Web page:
In the spring of 2006, I traveled to Paris to run a marathon. The trip was the culmination of years of training, with the last few months centering on intense runs through snow-packed streets.
Well aware that the marathon would be as much a mental battle as a physical one, my friends and I carefully plotted out our race strategy, mile by mile, even coming up with topics of conversation for each segment.
But before we had even made it to the starting line, we joked that emotionally, we had already completed the run. Had we not already put in the work and visualized each and every step? Where was the thrilling climax? Instead of being pumped, we were over it — over it before it had even begun. I vowed that if I made it through the race (and I did!), I would return to Paris for a very different kind of trip, one that was all about me and less about work.
A milestone birthday in the spring of 2020 seemed like the perfect celebratory occasion. It would even coincide with the Paris Marathon, although this time, I’d be a spectator — one marathon is enough!
While I’m not particularly sentimental about birthdays, it felt auspicious to return to the city. What better place to mark a big occasion in one’s life? Plus, as a writer, a real pilgrimage to Paris felt practically mandatory for me. Several years ago, a hankering for the City of Lights became a fully formed plan. I would spend a month in Paris.
I’m a planner, and I set about designing my trip with vigor. I wanted to get to know every arrondissement, and, with a stylish new notebook by my side, I started to create an itinerary. I made note of where freebies were located and cross-referenced my list of bargains with nearby quirky cafes and bespoke bakeries. Like an overzealous Santa Claus, I was making my list and checking it twice. While my days wouldn’t be strictly scheduled per se, I filled my planner with the dates of free exhibits, discounted museum days, and cooking classes.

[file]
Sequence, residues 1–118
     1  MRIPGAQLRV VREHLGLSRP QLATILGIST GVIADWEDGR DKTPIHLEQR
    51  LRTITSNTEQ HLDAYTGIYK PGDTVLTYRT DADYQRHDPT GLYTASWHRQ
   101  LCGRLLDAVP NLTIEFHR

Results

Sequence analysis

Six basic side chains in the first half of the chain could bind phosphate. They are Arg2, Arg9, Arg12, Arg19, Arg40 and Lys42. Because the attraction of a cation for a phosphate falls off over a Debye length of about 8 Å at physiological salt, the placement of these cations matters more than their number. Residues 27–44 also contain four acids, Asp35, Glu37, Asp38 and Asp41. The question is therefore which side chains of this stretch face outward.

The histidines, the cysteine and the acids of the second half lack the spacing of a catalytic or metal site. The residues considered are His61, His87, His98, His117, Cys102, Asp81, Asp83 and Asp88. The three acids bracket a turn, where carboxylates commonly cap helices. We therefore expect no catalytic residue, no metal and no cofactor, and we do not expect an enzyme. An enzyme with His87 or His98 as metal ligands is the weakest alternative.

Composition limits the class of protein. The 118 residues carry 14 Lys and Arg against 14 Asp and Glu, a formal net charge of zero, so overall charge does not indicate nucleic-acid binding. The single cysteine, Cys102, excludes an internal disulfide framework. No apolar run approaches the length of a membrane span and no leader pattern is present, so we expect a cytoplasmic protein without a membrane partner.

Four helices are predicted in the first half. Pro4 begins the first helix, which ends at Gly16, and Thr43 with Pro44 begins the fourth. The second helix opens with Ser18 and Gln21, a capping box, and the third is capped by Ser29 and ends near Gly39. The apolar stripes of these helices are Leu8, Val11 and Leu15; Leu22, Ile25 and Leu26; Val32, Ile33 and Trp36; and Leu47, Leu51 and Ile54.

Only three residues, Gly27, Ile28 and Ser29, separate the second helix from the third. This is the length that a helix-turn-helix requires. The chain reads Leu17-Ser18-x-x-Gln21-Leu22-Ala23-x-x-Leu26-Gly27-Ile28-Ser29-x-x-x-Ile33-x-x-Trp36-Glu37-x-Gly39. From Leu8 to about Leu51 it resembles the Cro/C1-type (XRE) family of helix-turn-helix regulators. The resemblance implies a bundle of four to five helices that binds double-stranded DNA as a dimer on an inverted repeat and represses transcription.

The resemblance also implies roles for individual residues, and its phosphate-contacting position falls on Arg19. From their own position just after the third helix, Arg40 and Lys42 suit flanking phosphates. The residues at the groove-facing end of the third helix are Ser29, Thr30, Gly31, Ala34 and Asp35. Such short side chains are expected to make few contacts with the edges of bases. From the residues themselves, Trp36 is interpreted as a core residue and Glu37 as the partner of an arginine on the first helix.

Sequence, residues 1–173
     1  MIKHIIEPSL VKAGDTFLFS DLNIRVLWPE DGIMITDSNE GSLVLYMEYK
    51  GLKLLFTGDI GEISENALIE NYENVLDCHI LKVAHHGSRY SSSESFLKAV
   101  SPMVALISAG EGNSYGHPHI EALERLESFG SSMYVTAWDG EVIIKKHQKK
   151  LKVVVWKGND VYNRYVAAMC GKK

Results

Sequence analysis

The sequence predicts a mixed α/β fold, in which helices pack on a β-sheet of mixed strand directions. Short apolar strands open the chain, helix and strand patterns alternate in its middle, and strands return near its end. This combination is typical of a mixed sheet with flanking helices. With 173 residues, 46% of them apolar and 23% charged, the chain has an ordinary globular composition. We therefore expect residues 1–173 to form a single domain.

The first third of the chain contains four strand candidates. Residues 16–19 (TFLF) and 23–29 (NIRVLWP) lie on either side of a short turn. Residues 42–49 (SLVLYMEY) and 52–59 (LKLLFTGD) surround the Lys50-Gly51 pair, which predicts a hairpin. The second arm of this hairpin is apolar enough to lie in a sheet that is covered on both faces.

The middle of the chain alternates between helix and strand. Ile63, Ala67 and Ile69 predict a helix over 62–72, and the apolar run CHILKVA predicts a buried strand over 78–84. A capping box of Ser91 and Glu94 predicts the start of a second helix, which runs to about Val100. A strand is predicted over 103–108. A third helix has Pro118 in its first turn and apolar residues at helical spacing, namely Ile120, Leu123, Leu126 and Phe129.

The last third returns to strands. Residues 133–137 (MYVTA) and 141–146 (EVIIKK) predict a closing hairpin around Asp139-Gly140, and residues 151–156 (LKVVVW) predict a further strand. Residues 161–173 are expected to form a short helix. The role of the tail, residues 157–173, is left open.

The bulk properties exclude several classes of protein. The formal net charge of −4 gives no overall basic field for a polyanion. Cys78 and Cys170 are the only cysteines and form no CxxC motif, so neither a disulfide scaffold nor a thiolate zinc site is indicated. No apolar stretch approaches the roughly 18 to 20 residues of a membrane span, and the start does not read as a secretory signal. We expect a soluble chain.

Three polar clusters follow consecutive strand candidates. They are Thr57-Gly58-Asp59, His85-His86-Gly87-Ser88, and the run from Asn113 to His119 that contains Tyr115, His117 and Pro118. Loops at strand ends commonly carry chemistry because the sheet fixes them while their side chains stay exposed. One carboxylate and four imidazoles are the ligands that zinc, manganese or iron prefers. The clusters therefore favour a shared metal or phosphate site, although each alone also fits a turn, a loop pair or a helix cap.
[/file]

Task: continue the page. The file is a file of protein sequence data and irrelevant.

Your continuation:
As a former healthcare administrator, I had casually followed the news about the COVID-19 epidemic from the early cluster of cases in Wuhan, China. I wasn’t particularly worried. Colds, the flu, and respiratory ailments abound in the winter months, and I assumed the virus would run its course over the season. I went to a conference in January, and my extra-vigilant handwashing was motivated more by a desire to avoid catching a cold from shaking so many hands than any concern about a possible pandemic.
My keep calm and travel on attitude prevailed even when COVID-19 spread to Iran and then Italy. My trip to Paris was a solo adventure. I imagined long days spent blissfully writing on a balcony and munching on croissants while watching the world go by. Avoiding large gatherings would be easy for me, since my itinerary featured small museums, outdoor sculptures, and pastry shops off the beaten path. I was healthy, happy to frequently wash my hands, and eager to settle into life in residential Paris.
My first inkling that my trip was in jeopardy came during the second week of March. As the news from Northern Italy became more and more worrisome and then the whole country entered a state of lockdown, I realized that a serious decision was looming on my horizon. But with three weeks to go, I felt I had time to reflect. Time, I reasoned, would be my best friend. It would soon be evident whether the danger had increased or subsided. I gave myself a deadline eight days down the road.